Over the past few months many investors have been questioning their methods of building wealth for the future. With the markets being more volatile than at any time in history, there is no doubt that many people simply feel like running for the exits.
With that in mind, here are three questions that many investors are asking along with answers based on historical statistical evidence.
Why am I still investing in the U.S.?
The message that history has taught us is a simple one. Analysis shows that in the past, when the S&P 500 was trading below fair value and inflation was less than 4.2% which is certainly the case today, there is an 83.3% chance of achieving a positive return.
All the signs and tools that we have to work with indicate that coming out of this crisis there will be significant upside in the U.S. equity market.
How can I keep investing when the economy is in the tank?
This one is easy, stock markets are leading indicators and as such stock markets will likely recover before the ensuing economic recovery. While it is impossible to identify when these recoveries will begin, missing out on the sharp returns that often occur in the early stages of a stock market recovery, is a mistake that investors make very frequently.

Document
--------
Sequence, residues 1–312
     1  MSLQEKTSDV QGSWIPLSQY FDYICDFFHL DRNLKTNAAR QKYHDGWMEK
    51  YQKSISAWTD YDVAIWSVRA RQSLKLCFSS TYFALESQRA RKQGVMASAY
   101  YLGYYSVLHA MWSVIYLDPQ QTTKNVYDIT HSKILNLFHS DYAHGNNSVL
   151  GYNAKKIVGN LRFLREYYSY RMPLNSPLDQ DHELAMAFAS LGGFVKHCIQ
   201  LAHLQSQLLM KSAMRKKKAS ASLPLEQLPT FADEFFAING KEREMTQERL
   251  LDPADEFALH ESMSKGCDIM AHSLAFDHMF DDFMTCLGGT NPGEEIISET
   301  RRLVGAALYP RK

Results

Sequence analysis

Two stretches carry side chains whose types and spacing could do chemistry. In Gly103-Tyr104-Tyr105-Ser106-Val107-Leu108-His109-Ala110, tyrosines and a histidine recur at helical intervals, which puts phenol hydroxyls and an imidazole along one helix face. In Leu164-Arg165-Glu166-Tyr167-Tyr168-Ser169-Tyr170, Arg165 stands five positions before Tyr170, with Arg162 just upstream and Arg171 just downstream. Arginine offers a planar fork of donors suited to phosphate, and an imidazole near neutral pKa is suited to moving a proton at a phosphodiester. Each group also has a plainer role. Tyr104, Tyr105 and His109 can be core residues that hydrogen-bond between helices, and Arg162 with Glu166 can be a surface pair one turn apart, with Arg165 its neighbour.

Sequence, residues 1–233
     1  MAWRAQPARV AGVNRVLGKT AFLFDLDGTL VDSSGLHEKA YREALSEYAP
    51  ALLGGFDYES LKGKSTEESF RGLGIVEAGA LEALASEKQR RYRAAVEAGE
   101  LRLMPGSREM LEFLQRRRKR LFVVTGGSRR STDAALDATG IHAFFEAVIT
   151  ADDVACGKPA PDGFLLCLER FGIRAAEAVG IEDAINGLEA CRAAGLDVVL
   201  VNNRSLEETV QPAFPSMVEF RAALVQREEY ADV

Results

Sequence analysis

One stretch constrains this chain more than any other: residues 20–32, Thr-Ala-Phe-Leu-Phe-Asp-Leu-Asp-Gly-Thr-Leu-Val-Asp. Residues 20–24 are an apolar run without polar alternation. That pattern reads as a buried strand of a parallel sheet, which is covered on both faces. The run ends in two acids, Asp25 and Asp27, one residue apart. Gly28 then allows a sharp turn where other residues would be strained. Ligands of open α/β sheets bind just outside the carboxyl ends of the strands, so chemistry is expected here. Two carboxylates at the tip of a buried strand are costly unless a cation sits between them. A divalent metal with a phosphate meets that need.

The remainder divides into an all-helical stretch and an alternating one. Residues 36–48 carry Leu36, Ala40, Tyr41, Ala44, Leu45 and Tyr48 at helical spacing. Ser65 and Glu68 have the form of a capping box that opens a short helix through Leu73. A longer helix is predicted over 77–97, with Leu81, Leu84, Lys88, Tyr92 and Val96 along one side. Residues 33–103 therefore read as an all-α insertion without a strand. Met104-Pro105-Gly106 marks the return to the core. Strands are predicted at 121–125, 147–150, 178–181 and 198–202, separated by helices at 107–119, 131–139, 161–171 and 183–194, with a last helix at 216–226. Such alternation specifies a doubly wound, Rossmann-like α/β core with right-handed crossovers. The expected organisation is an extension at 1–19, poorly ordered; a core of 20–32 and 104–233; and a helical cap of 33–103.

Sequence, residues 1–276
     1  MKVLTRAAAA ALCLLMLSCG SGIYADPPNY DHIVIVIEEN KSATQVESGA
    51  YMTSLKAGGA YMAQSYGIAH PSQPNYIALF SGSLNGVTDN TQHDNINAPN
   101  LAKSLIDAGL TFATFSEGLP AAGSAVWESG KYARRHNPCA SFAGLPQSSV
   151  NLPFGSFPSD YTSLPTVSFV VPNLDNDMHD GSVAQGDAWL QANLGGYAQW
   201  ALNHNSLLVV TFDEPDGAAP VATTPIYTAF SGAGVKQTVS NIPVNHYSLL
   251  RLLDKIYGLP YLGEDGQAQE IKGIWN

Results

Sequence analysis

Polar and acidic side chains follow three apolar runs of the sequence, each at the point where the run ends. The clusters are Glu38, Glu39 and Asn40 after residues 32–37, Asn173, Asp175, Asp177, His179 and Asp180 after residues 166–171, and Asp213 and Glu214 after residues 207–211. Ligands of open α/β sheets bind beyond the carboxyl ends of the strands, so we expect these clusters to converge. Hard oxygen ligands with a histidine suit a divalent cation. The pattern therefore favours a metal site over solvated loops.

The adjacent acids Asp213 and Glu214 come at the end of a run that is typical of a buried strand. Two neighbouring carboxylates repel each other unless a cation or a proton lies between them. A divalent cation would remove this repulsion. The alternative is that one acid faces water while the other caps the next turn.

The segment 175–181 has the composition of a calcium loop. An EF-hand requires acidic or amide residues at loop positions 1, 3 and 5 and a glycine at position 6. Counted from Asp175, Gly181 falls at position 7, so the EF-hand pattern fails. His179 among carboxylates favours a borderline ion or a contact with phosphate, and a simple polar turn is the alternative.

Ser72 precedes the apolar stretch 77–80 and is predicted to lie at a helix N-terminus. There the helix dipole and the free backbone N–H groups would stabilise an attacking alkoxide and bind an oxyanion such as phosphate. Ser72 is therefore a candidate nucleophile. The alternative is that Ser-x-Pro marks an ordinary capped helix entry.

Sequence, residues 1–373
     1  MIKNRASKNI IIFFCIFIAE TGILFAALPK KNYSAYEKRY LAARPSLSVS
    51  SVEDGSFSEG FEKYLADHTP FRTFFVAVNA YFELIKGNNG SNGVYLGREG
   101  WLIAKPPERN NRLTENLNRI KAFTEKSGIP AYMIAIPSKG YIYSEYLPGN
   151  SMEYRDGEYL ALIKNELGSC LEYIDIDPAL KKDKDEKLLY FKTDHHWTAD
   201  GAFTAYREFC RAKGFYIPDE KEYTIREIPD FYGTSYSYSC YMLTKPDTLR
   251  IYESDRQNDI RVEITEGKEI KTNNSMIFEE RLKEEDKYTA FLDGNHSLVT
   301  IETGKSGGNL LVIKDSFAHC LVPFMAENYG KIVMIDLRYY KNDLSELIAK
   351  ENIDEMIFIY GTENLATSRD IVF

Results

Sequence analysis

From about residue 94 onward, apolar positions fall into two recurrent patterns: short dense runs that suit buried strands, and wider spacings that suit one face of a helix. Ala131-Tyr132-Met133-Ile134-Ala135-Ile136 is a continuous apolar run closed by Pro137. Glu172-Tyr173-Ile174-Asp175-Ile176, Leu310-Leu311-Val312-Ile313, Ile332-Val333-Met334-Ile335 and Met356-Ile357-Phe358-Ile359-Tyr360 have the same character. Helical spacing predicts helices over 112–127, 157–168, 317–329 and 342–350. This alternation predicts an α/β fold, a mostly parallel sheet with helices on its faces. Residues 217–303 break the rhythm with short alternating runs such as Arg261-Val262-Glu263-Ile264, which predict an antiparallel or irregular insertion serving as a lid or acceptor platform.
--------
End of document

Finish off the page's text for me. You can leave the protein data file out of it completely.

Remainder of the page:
How am I ever going to bounce back?
We must remind ourselves that, as a long term investor, it is important to continue to follow the forward looking strategy that was implemented before they felt the emotional pressure of daily market volatility. A very compelling fact to reference is the asymmetrical nature of bull markets vs. bear markets.
The average bull market gain of 79% far outweighs the average bear market decline of 28%. And the length of the average bull market is 34 months long vs. the length of the average bear market of only 11 months.
While these questions are not intended to completely sooth anyone’s concerns about the health of thier portfolio, it is always nice to know what history has shown. Even though history cannot predict the future, it is the best information that we have to qualify our decisions with.